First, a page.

Vanity Fair Magazine recently published an interview with Gal Gadot, the Israeli actor who plays Wonder Woman and will soon begin filming her next role as Cleopatra.  One of the things that struck me about the interview was her discussion of her regular practice of beginning each morning, as soon as she wakes up, by saying the traditional Jewish prayer of thanks for being given a new day of life. 

Each day our children at AHA also sing this “Modeh Ani – thank you” prayer for waking up each day.  While it is indeed noteworthy to discover that a very successful actor engages in a traditional Jewish prayer routine on a daily basis, I was even more impressed by another Israeli personality who also begins each day with the Modeh Ani prayer. 

When I attend a Bar or Bat Mitzvah I like to present a book to the student celebrating their coming of age milestone.  The book that has traditionally been gifted to each AHA student over the past few years is the autobiography of the first Chief Rabbi of Israel who was a Holocaust survivor named Rabbi Yisrael Meir Lau.  Rabbi Lau was one of the youngest people to survive the Buchenwald concentration camp as a 9-year-old child in Poland.  On page 3 of his autobiography, he concludes his introduction by saying that he too begins each morning by thanking G-d for giving him another day of life by saying the Modeh Ani prayer.

While one might think that it is more expected for a Rabbi than an actor to say a daily Jewish prayer, in this case, I was actually not so sure.  It is one thing to have fame and success without facing significant adversity and challenges and be able to say thank you each day for the abundance of blessings in life.  It is another thing entirely, however, to experience tragedy and still be able to emerge with the ability to say thank you to G-d for anything.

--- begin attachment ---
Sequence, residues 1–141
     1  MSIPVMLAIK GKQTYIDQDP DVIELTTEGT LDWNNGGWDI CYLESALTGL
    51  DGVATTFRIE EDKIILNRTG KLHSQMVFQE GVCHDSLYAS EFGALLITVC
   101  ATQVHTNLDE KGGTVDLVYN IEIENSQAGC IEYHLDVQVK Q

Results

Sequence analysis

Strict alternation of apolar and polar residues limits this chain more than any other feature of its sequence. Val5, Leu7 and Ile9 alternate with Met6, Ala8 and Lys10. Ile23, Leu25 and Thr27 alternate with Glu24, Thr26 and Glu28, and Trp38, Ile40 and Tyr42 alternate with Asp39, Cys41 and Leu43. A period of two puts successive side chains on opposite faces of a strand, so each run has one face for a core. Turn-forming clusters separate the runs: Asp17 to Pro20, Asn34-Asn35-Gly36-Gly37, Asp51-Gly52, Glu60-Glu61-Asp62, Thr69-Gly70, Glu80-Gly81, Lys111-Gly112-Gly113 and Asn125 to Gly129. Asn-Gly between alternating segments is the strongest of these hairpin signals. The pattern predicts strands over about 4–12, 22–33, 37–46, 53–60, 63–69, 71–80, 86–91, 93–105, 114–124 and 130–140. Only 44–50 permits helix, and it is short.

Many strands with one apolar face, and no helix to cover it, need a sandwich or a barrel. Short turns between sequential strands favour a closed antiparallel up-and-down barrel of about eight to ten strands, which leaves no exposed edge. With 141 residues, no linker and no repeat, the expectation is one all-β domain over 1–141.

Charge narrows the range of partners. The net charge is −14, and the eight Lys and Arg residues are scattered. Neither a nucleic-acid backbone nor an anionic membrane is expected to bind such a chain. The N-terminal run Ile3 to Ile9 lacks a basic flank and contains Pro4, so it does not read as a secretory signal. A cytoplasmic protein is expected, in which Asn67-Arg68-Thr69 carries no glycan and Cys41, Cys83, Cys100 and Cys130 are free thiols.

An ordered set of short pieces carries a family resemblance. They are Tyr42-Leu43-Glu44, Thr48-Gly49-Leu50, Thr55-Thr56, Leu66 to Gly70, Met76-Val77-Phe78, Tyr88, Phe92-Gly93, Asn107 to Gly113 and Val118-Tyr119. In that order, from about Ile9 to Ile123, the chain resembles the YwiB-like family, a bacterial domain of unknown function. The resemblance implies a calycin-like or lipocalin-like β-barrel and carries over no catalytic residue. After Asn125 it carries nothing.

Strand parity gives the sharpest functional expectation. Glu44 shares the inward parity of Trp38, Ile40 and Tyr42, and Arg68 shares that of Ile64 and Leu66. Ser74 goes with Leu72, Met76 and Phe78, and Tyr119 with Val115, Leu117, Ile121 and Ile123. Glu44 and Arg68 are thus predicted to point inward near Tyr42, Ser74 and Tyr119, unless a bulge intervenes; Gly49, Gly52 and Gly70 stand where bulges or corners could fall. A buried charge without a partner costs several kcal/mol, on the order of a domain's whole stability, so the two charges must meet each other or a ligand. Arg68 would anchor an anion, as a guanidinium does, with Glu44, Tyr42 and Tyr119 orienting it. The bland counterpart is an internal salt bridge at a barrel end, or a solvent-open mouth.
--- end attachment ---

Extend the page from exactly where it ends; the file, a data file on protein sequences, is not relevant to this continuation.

In this week’s parsha of Noah, the aftermath of the flood wiped out decades of economic infrastructure and Noah and his family had very few resources left to rebuild their lives.  Therefore it seems puzzling that Noah’s first act upon exiting the ark was to use some of his scarce resources to give an offering of thanksgiving to G-d.  One possible answer to this question could be that Noah was overwhelmed by a sense of appreciation for simply making it through the deluge alive and he felt compelled to express his thanks to G-d immediately upon walking once again on dry land.

Many of us find it difficult to be “thankful” during a pandemic.  While it is true that there are many challenges that continue to test our character, it is also true that, if we look deeply, we can find some silver linings to be grateful for.

I hope you will join me in trying to adopt the practice of saying thank you first thing in the morning each day.

Thank you and Shabbat Shalom,
Rabbi Elisha Paul

P.S. – For those of you who are interested, please see the following video of Gal Gadot teaching you how to say basic Hebrew slang.  Click here to view it.